Improve your hospitality skills with Psychology

Psychology offers much more than help solving personal problems. In the hospitality industry, psychology can play an integral role in helping you attain and keep your guests. The principles of psychology can be applied to every situation. It’s learning how to apply the correct principle at the right time that can be your key to hospitality success!

Needless to say, hotel and restaurant management success is based on the ability to understand the psychological underpinnings of the hospitality business. The ability to discern personalities that are suitable for different positions in hotels or restaurants is key to the success of these businesses.

The good news is; you don’t have to go back to college to earn a degree in psychology in order to master these principles. A lot of it is simple human nature and the rest of it has been tried, tested and proven by the greatest psychology leaders in all of time. Here are four principles of psychology that you can use starting right now, in order to improve your hospitality skills and the hospitality skills of your staff members.


Spontaneous decisions regarding customers and employees are necessary in hotel and restaurant management. The best training comes from being in the midst of the work environment where situations, such as customer complaints or employee altercations, can be dealt with.


Managers must understand the psychology behind the complaints and altercations. Understanding different personality types is key.

Personality Types

According to a 2007 article in the International Journal of Hospitality Management, hotel and restaurant managers need to be able to recognize the Big Five personality dimensions in their employees and customers. The Big Five are extraversion, agreeableness, conscientiousness, neuroticism and openness to experience.


Pleasant surprises are a key principle of psychology. You may have heard of the phrase, “exceed expectations” in marketing. This is the core of surprise. People enjoy being surprised by the level of service they receive, and this is one of the easiest psychology principles to apply to your hospitality business. Here are some ideas to put this into practice:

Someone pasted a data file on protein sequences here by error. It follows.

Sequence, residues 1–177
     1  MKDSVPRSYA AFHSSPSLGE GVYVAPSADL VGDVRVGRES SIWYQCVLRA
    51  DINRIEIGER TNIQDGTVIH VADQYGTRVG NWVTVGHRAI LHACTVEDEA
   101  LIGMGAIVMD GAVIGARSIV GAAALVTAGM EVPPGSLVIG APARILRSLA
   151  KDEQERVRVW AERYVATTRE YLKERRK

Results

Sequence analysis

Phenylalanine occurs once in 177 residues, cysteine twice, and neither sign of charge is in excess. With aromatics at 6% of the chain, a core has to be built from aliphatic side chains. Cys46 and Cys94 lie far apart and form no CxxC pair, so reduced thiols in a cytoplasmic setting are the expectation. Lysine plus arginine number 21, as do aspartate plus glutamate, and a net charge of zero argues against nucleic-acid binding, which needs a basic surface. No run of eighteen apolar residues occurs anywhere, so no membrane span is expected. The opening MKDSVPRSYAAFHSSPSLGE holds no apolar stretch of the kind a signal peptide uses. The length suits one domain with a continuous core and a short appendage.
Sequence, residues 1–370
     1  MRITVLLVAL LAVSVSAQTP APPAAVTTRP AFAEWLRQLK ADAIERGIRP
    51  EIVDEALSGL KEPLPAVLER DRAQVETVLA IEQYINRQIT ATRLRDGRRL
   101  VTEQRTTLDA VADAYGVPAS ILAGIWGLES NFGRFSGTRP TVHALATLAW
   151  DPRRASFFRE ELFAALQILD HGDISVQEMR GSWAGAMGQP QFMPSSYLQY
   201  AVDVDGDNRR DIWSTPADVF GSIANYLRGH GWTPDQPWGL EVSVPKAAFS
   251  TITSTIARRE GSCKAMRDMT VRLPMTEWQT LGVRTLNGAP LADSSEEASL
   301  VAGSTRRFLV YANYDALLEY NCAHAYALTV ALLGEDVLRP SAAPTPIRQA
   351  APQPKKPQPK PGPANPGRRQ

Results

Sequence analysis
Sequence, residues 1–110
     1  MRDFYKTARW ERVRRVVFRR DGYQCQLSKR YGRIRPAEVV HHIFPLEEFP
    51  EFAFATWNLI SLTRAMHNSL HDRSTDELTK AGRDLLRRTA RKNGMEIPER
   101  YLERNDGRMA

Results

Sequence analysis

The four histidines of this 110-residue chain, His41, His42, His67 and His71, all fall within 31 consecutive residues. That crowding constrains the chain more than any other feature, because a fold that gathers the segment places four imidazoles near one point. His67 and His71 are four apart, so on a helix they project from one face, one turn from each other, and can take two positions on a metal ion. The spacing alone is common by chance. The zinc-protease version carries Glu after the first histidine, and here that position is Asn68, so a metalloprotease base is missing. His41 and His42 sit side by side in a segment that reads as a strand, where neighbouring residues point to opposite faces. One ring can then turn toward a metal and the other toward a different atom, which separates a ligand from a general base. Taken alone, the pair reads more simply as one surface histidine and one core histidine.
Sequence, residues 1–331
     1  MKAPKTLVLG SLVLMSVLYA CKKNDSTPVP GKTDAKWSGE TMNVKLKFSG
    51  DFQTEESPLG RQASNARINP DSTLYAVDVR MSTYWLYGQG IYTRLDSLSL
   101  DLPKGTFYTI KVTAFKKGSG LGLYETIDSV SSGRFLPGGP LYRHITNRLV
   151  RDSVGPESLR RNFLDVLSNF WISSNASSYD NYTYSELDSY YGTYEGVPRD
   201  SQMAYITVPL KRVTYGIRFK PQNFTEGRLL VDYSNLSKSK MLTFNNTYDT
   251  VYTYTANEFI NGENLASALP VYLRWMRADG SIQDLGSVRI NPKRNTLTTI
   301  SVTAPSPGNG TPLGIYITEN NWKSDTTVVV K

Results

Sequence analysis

Give more than is expected. Most guests at hospitality establishments do expect a certain amount of “freebies.” Maybe it’s a mint on the hotel bed pillow, or a free cookie with their after dinner coffee. But to implement the psychology principle of surprise, give more than is expected. For example, when guests are leaving after dinner, present them with a small “midnight snack” bag that they can enjoy in their room later on. Or give each guest a voucher for a free drink at the bar when they register at the hotel. These are pleasant surprises they will really appreciate.

Provide surprise entertainment. On weekend nights, consider setting up your common areas as casual lounges. Hire a cello player, harpist or another kind of musician to play instrumentals in the corner of the lobby. Set up a makeshift bar and serve complimentary drinks during the cocktail hour that guests can enjoy before they depart for their evening plans.

Although these behaviors seem inexpensive and easy, it is surprising to see how rare they are in most restaurants. Employees are sometimes so afraid to disturb clients that, in the end, they may appear as cold and unwelcoming. With robots entering the hospitality industry

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